Sramana: Did you have any market validation of your new hosting business mode?
Christopher Aker: I knew that it was going to work. I was very sure of it. Success by my measure then was maybe $100,000 in revenue a year.
Sramana: Were you doing all of this out of Nashville?
Christopher Aker: Yes, I lived by myself in a 2 bedroom apartment. I did this by myself out of my apartment. I basically said goodbye to my friends for a year and worked on Linode. It took me about seven months. I had to code the back end, the website, and the front end controls. I took the billing system that I had from my little web hosting business and extended its functionality to handle the new stuff.
I bought two machines, a switch off of eBay, remote console gear, and a remote power controller off of eBay as well. I built the machines new. I shipped all of this stuff out to the data center where I had leased a third of a rack. I think I had 14U worth of space. They installed the stuff and that was it.
I ran a beta program for a short amount of time. I had a few of my friends test it for me. On June 16th, which was seven months later, Linode opened its doors and has been going crazy ever since.
Sramana: What is the core value proposition you zeroed in on when you opened your doors?
Christopher Aker: Back then, there was no competition. The value proposition was straightforward. The benefits of cloud servers and virtualization are clear today, but back then when people thought of virtualization, they thought of a virtual PC running on your windows machine. Nobody had brought it to the server side and offered it as a service. This was in the middle of 2003 and AWS had not even come to the scene. We were way ahead of the curve.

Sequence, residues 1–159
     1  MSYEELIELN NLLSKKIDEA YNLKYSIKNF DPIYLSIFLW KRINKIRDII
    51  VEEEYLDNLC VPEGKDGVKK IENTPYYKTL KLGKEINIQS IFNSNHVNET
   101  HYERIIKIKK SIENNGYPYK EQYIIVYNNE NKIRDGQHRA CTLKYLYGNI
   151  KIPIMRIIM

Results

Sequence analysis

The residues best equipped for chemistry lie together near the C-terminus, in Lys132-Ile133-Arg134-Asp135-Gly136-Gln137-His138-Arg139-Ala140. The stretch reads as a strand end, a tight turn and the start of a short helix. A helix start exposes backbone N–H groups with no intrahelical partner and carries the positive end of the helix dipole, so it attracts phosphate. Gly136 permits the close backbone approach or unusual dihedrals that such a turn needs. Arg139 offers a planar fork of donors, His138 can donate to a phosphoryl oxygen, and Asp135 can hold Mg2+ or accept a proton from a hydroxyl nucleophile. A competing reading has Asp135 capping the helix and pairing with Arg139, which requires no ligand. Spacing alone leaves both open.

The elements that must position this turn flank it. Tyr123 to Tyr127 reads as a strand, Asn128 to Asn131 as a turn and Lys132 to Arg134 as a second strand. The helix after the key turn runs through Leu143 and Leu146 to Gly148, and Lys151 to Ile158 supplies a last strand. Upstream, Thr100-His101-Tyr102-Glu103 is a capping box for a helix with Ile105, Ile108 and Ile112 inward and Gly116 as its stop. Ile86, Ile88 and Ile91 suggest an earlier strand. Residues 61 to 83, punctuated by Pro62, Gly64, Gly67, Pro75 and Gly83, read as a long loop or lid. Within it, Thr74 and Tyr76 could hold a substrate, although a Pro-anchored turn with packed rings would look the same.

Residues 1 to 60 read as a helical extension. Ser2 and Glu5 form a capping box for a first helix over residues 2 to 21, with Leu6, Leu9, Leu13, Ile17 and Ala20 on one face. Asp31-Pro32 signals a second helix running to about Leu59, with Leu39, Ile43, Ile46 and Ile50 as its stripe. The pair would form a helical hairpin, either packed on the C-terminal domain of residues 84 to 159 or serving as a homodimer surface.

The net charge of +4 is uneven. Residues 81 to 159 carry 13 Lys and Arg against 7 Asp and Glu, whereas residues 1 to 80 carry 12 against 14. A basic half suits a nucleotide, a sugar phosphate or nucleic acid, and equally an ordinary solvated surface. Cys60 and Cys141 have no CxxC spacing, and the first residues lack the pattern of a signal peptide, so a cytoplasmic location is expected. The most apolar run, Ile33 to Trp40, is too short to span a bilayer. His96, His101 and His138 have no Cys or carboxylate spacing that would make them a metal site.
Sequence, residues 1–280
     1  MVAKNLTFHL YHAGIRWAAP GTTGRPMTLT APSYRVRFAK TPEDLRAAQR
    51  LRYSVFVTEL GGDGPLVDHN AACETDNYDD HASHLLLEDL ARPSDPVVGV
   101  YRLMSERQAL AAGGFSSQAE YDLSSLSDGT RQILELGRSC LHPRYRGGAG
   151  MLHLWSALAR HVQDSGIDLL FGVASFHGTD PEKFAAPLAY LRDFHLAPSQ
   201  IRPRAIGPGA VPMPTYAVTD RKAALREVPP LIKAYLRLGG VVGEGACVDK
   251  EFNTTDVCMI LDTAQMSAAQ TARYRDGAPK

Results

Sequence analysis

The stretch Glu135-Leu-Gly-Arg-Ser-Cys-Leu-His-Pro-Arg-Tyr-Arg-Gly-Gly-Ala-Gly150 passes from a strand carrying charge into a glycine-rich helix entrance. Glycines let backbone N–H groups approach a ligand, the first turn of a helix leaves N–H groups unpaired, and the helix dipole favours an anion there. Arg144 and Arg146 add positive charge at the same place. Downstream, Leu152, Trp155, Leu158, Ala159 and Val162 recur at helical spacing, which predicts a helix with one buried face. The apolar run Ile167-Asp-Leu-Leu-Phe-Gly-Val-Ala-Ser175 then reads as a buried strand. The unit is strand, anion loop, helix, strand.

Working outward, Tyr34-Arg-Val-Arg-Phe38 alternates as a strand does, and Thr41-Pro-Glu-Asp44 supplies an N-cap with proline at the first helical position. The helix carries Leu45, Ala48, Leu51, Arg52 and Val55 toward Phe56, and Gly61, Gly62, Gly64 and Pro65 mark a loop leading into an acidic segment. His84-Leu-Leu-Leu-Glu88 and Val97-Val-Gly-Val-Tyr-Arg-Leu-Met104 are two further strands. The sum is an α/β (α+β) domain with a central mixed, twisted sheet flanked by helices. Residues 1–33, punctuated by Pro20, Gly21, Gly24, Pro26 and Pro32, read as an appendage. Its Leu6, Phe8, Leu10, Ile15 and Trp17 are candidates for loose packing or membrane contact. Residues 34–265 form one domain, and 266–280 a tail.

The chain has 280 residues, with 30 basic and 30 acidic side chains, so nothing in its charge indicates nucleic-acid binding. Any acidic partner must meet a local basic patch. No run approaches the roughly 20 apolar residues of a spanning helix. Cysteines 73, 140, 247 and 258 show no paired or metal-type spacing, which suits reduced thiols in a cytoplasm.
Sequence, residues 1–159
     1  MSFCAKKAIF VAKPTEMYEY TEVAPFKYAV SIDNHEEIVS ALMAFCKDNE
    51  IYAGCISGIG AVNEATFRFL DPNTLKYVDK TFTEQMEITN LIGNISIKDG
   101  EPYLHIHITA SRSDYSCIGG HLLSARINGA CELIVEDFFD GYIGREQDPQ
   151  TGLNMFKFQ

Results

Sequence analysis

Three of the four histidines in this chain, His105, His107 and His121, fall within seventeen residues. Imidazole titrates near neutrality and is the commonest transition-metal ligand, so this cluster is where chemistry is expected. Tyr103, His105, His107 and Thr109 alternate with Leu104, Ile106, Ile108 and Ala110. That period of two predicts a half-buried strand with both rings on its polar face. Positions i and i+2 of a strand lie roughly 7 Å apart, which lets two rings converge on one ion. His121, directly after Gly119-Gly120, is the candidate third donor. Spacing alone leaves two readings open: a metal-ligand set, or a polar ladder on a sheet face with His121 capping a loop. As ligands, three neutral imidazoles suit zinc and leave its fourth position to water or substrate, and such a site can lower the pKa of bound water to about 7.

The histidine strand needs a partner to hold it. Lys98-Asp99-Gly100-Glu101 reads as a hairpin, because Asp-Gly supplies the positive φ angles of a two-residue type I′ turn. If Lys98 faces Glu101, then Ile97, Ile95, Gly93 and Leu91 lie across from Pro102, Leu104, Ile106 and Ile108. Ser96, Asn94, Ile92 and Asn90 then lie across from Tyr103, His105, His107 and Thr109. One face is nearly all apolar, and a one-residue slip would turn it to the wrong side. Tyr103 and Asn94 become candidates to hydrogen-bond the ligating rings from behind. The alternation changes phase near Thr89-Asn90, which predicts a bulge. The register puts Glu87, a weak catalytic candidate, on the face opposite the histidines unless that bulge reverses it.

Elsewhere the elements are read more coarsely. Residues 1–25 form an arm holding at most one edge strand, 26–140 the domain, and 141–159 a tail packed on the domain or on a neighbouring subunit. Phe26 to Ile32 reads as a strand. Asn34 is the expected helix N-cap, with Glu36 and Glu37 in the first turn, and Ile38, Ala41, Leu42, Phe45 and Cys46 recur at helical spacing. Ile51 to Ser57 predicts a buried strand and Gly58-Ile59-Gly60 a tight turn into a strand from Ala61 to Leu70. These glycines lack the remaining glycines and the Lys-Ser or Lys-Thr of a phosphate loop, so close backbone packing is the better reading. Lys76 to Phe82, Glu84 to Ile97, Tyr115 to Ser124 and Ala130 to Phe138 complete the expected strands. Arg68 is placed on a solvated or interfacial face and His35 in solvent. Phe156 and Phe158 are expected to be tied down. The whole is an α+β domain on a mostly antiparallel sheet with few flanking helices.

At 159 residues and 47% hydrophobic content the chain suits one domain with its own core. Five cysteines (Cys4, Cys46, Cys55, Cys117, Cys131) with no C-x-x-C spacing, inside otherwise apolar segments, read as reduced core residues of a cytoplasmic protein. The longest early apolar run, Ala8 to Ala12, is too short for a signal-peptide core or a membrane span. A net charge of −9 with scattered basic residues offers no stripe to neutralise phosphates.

For the first several years, we were heavily CAPEX constrained. This industry has very high capital expenditure costs. The machines are phenomenally expensive. They cost as much as a car does. We were running the race of trying to get more capacity online to increase our revenue. It was challenging and fun. It did prove to be a very popular product.
Sramana: What was your customer acquisition strategy? Who were the customers you were going after and how did you build the customer base?
Christopher Aker: There are definitely different segments and strata of our customers. There are developers and designers as well as people who want to host blogs. Today we have everybody from Joe Blogger to Fortune 50 companies. It is hard because hosting is one of those somewhat generic things. You can play with marketing gimmicks, but there is not one clear bucket to put people into and target them. We grew out the entire company through word of mouth. I consider our customer service one of the greatest marketing functions. If you do a good job, then your customer will tell one person. If you do a bad job, then that person will tell 10 people. We always try to do a very good job with our customer service.
In the past couple of years, we have gotten very serious about marketing. We have fleshed out our marketing team now. We are generating our new business through word of mouth.